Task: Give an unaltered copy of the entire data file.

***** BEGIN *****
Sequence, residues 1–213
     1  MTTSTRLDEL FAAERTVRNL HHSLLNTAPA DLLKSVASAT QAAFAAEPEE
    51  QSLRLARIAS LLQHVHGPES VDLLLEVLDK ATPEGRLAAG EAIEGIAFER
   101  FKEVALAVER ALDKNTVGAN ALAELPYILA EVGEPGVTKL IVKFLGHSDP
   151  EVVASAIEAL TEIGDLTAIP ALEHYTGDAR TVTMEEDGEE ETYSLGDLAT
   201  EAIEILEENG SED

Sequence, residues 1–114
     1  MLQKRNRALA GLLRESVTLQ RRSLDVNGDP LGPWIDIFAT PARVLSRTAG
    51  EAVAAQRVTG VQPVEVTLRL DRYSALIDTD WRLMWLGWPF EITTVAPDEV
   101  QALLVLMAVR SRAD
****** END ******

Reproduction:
Sequence, residues 1–213
     1  MTTSTRLDEL FAAERTVRNL HHSLLNTAPA DLLKSVASAT QAAFAAEPEE
    51  QSLRLARIAS LLQHVHGPES VDLLLEVLDK ATPEGRLAAG EAIEGIAFER
   101  FKEVALAVER ALDKNTVGAN ALAELPYILA EVGEPGVTKL IVKFLGHSDP
   151  EVVASAIEAL TEIGDLTAIP ALEHYTGDAR TVTMEEDGEE ETYSLGDLAT
   201  EAIEILEENG SED

Sequence, residues 1–114
     1  MLQKRNRALA GLLRESVTLQ RRSLDVNGDP LGPWIDIFAT PARVLSRTAG
    51  EAVAAQRVTG VQPVEVTLRL DRYSALIDTD WRLMWLGWPF EITTVAPDEV
   101  QALLVLMAVR SRAD